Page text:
gold Stuckenbruck, 1 Enoch 91-108 (2007) 399
help Stuckenbruck, 1 Enoch 91-108 (2007) 399
heracles/hercules, christian literature Malherbe et al., Light from the Gentiles: Hellenistic Philosophy and Early Christianity: Collected Essays of Abraham J (2014) 660
heracles/hercules, in judaism Malherbe et al., Light from the Gentiles: Hellenistic Philosophy and Early Christianity: Collected Essays of Abraham J (2014) 660
heracles/hercules, jewish literature Malherbe et al., Light from the Gentiles: Hellenistic Philosophy and Early Christianity: Collected Essays of Abraham J (2014) 660
heracles/hercules, new testament Malherbe et al., Light from the Gentiles: Hellenistic Philosophy and Early Christianity: Collected Essays of Abraham J (2014) 660
heracles/hercules, temple of Malherbe et al., Light from the Gentiles: Hellenistic Philosophy and Early Christianity: Collected Essays of Abraham J (2014) 660
heracles/hercules Malherbe et al., Light from the Gentiles: Hellenistic Philosophy and Early Christianity: Collected Essays of Abraham J (2014) 660
idolatry Allen and Doedens, Turmoil, Trauma and Tenacity in Early Jewish Literature (2022) 53; Stuckenbruck, 1 Enoch 91-108 (2007) 399
idols, making/fashioning of Stuckenbruck, 1 Enoch 91-108 (2007) 399
idols Stuckenbruck, 1 Enoch 91-108 (2007) 399
images, material for idols Stuckenbruck, 1 Enoch 91-108 (2007) 399
instruction/teaching, false Stuckenbruck, 1 Enoch 91-108 (2007) 399
jesus, as heracles Malherbe et al., Light from the Gentiles: Hellenistic Philosophy and Early Christianity: Collected Essays of Abraham J (2014) 660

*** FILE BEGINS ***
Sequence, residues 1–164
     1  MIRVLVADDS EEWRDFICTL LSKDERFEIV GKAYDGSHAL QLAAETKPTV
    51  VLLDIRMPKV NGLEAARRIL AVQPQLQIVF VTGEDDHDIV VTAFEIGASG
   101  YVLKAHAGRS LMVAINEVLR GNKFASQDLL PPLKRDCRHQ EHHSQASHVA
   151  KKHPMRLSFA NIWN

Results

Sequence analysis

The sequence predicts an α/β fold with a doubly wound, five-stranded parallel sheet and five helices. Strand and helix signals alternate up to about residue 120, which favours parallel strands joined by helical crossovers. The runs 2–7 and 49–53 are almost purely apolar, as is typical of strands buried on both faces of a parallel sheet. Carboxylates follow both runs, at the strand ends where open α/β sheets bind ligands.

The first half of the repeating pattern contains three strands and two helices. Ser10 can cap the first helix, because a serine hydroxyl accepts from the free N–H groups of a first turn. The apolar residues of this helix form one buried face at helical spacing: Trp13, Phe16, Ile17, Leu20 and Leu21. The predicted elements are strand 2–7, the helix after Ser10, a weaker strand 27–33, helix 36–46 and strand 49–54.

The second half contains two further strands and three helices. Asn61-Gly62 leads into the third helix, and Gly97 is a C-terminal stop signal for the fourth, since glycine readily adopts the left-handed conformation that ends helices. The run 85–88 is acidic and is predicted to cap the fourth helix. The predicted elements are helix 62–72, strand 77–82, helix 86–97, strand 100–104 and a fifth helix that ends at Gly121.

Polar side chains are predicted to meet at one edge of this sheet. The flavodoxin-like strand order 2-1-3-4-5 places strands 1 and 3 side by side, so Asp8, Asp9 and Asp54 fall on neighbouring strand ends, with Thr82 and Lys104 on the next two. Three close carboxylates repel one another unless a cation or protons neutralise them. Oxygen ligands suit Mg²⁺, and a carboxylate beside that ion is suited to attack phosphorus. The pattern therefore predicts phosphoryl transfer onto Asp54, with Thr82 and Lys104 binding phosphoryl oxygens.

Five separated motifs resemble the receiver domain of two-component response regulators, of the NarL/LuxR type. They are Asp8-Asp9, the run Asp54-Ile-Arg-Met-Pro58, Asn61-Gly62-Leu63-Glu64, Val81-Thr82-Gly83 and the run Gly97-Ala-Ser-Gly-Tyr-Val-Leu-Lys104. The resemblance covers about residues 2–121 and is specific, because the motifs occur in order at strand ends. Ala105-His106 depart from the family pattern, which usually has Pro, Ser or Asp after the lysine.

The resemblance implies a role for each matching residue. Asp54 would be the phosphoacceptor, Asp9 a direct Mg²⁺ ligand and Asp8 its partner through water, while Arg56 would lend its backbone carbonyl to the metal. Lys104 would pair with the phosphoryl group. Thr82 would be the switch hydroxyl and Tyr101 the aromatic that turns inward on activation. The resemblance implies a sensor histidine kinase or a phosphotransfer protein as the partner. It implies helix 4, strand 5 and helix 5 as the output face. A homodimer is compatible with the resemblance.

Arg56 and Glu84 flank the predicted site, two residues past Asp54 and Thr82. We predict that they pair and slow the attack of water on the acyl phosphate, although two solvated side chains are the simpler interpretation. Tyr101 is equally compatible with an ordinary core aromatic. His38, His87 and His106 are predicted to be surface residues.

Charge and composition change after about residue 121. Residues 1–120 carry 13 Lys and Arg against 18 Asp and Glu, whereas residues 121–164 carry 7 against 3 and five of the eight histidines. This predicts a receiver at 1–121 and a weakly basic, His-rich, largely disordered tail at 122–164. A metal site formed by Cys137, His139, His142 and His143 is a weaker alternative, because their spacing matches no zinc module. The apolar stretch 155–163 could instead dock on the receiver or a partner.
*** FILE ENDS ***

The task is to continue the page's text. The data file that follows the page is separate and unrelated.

josephus, heracles Malherbe et al., Light from the Gentiles: Hellenistic Philosophy and Early Christianity: Collected Essays of Abraham J (2014) 660
judaism Malherbe et al., Light from the Gentiles: Hellenistic Philosophy and Early Christianity: Collected Essays of Abraham J (2014) 660
legislative role, associations Gabrielsen and Paganini, Private Associations in the Ancient Greek World: Regulations and the Creation of Group Identity (2021) 146
marriage, preservation of Birnbaum and Dillon, Philo of Alexandria: On the Life of Abraham: Introduction, Translation, and Commentary (2020) 234
menander of ephesus Malherbe et al., Light from the Gentiles: Hellenistic Philosophy and Early Christianity: Collected Essays of Abraham J (2014) 660
menzel, paul Allen and Doedens, Turmoil, Trauma and Tenacity in Early Jewish Literature (2022) 53
metals, fashioning of Stuckenbruck, 1 Enoch 91-108 (2007) 399
myth, names, philos omission of Birnbaum and Dillon, Philo of Alexandria: On the Life of Abraham: Introduction, Translation, and Commentary (2020) 234
parallels/parallelism Malherbe et al., Light from the Gentiles: Hellenistic Philosophy and Early Christianity: Collected Essays of Abraham J (2014) 660
plato Allen and Doedens, Turmoil, Trauma and Tenacity in Early Jewish Literature (2022) 53
property, associations communal Gabrielsen and Paganini, Private Associations in the Ancient Greek World: Regulations and the Creation of Group Identity (2021) 146
propriety and proper conduct, members expected Gabrielsen and Paganini, Private Associations in the Ancient Greek World: Regulations and the Creation of Group Identity (2021) 146
reward and punishment, in egypt Birnbaum and Dillon, Philo of Alexandria: On the Life of Abraham: Introduction, Translation, and Commentary (2020) 234
sarah, violation of Birnbaum and Dillon, Philo of Alexandria: On the Life of Abraham: Introduction, Translation, and Commentary (2020) 234
silver Stuckenbruck, 1 Enoch 91-108 (2007) 399
spirits, evil/of evil Stuckenbruck, 1 Enoch 91-108 (2007) 399
stoicism, heracles Malherbe et al., Light from the Gentiles: Hellenistic Philosophy and Early Christianity: Collected Essays of Abraham J (2014) 660
stoicism Malherbe et al., Light from the Gentiles: Hellenistic Philosophy and Early Christianity: Collected Essays of Abraham J (2014) 660
terah Stuckenbruck, 1 Enoch 91-108 (2007) 399
worship' Stuckenbruck, 1 Enoch 91-108 (2007) 399